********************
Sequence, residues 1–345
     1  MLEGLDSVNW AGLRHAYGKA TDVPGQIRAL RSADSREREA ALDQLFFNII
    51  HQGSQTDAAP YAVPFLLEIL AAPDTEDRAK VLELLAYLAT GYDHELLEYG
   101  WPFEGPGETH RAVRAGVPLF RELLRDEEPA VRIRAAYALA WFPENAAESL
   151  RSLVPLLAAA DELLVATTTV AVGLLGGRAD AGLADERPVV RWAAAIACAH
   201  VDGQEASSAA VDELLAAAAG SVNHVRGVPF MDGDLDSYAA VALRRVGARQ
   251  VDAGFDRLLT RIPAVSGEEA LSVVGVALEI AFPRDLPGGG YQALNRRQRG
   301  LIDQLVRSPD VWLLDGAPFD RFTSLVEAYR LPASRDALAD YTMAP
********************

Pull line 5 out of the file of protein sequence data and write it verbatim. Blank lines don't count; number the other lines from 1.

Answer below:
   151  RSLVPLLAAA DELLVATTTV AVGLLGGRAD AGLADERPVV RWAAAIACAH